Muamba’s life is miracle enough

The football news cycle moves at a Dirk Kuyt-like pace, and as such the Fabrice Muamba story with its happy-but-still-largely-uncertain ending, is set to disappear from it for the next long while. We know the doctors involved in saving his life (pictured here), we know in the early going that his neurological function appears on the surface to be normal, and beyond that, we don’t know much of anything except that Muamba’s life has been forever and irreversibly altered.

Some newspapers, including the Daily Mail, seem to want to end this story quickly and hopefully with the ultimate miracle: the continuation of Muamba’s playing career. Not content with the long-term uncertainty offered by medical science, they jumped on the hopeful words of Bolton manager Owen Coyle to speculate that Muamba might play elite football again:

Asked if the doctors believe he could make a full recovery, Coyle said: ‘They say that is something that has happened before. Every case is individual and on its own merits.

‘The two things that Fabrice have that can help him in this battle are that he is such a fit young man and the life he’s had. He’s had to fight every step of the way in his young journey, so those two things I am sure will stand him in good stead. Football pales into insignificance at this moment, as we know, but he’s an outstanding young individual and we pray that he gets back to that level again.’

Perhaps it’s time we took a few deep breaths here and look at the circumstances of what has transpired since that awful moment on Saturday. Muamba’s heart did not beat on its own for a full 78 minutes. The defibrillator was employed unsuccessfully a total of 15 times. These are extraordinary figures. This entry from the Wikipedia page should underline the miraculous circumstances of Muamba’s recovery:

A study of survival rates from out of hospital cardiac arrest found that 14.6% of those who had received resuscitation by ambulance staff survived as far as admission to hospital. Of these, 59% died during admission, half of these within the first 24 hours, while 46% survived until discharge from hospital. This gives us an overall survival following cardiac arrest of 6.8%. Of these 89% had normal brain function or mild neurological disability, 8.5% had moderate impairment, and 2% suffered major neurological disability.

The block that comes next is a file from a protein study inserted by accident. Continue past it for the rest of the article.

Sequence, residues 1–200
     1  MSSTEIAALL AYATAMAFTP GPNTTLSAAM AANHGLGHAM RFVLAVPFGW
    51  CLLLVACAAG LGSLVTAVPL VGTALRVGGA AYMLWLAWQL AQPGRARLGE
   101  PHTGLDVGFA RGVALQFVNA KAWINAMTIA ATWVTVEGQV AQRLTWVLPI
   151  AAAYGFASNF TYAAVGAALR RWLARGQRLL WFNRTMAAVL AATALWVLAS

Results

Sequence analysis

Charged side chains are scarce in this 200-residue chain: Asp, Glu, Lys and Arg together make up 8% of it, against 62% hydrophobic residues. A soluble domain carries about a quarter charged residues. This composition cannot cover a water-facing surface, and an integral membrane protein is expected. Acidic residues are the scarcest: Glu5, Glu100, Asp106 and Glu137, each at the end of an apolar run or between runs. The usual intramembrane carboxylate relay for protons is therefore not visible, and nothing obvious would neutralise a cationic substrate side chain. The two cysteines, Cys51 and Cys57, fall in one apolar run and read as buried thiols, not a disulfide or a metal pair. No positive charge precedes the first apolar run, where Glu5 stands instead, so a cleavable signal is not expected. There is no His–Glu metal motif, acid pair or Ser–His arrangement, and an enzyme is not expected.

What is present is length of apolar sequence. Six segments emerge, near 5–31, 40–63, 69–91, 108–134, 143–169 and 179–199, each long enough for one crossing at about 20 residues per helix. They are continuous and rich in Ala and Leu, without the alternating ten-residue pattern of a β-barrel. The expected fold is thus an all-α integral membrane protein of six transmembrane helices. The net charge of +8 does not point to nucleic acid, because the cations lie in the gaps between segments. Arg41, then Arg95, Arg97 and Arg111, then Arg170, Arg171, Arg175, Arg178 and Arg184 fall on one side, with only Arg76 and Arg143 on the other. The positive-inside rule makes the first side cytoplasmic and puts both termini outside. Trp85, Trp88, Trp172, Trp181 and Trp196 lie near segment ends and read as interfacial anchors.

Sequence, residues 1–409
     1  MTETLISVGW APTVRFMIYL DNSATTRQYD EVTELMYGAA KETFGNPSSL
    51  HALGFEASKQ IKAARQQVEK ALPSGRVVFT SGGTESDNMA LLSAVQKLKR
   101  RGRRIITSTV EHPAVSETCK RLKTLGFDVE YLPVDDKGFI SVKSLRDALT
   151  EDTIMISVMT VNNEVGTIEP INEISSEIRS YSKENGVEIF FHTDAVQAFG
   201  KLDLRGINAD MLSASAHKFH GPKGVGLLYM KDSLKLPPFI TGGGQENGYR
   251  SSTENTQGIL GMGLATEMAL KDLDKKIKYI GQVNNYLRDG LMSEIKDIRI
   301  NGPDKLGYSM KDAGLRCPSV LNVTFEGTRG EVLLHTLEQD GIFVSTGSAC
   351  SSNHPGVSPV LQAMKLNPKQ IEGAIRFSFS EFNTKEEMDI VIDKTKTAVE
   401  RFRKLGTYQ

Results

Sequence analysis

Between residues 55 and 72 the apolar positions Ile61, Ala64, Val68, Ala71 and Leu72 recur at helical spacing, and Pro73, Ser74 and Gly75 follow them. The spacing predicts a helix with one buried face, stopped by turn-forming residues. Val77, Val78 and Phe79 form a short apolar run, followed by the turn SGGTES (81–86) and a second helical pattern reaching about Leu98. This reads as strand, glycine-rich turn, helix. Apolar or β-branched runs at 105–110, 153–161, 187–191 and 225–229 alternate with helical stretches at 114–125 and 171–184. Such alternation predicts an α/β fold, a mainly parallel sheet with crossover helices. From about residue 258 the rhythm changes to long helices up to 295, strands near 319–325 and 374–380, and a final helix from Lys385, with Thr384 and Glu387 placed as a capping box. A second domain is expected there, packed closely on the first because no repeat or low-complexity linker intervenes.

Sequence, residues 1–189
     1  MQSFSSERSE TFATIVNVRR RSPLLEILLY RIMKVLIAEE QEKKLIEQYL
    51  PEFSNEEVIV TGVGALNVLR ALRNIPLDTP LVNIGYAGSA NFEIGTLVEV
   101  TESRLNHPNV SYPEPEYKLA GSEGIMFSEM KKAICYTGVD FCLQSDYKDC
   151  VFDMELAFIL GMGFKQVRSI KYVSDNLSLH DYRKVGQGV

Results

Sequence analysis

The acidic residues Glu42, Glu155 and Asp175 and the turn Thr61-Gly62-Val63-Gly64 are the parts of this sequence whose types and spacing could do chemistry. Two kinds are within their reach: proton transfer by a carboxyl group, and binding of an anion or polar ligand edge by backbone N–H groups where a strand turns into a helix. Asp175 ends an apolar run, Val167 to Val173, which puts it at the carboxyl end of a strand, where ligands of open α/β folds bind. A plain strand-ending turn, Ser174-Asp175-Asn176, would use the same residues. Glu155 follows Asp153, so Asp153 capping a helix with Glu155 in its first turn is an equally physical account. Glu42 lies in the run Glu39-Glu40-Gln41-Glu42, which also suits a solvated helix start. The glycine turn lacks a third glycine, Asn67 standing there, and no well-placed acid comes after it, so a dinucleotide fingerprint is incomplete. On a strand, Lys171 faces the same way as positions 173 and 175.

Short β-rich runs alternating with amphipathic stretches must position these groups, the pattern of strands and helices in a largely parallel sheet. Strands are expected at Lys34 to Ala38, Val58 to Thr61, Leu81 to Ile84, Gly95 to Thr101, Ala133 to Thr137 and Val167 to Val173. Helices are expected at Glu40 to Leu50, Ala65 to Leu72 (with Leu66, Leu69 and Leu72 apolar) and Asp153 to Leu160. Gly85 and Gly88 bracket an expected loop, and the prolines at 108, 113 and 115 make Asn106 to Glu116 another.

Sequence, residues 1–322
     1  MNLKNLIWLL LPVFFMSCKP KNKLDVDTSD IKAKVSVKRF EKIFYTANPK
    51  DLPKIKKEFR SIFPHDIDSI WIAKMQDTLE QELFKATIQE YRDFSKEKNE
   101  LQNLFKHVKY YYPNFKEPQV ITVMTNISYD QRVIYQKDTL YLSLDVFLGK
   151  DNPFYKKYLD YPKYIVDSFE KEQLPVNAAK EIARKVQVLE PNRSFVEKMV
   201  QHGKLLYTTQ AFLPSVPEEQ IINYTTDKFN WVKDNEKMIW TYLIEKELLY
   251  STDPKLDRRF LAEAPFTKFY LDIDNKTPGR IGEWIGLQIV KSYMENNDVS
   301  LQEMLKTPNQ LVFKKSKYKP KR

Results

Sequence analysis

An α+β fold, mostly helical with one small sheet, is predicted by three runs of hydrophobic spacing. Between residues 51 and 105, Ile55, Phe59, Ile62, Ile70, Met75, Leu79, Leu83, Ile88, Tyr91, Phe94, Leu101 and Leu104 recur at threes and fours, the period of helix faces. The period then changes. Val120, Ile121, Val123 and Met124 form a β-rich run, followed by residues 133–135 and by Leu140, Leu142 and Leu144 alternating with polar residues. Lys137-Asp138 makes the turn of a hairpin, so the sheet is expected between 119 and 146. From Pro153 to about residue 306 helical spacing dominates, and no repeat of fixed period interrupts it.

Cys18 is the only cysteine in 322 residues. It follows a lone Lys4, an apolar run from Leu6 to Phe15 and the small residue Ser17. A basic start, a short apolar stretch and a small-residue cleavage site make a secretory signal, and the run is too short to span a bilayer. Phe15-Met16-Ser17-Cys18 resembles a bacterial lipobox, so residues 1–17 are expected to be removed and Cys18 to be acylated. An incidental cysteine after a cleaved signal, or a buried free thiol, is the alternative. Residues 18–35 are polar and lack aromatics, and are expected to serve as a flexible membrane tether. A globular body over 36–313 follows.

There is simply no need to force a media miracle. Muamba asking after the well-being of his son, or whether Bolton won their FA Cup tie, is miracle enough. The hard work and dedication of the staff at the London Chest Hospital who help save lives every day is miracle enough. The outpouring of concern from across the football spectrum was miracle enough.

The lived reality of medical recovery, adjustment to new life circumstances, contemplation of the uncertainty of life, don’t really mesh well with the Sky Sports ticker culture, I know. But let’s not force the mega-super-happy ending. Muamba’s life is enough.

Comments (18)

  1. This question is totally off topic but why do many people in soccer media dislike henry winter. I find it astonishing that both north american and european journos despise him, yet he has almost 300 000 followers on twitter. Is there any particular reason or is it just envy?
    Please respond .

    • Pat analysis. Populist sentiment. Easy cliches. Drops himself into columns to remind his reading audience how important he is to have “access.” Comes to impossibly easy conclusions. Has a tony job at a big paper on an island where immensely more talented writers get paid a pittance or nothing at all. That sort of thing…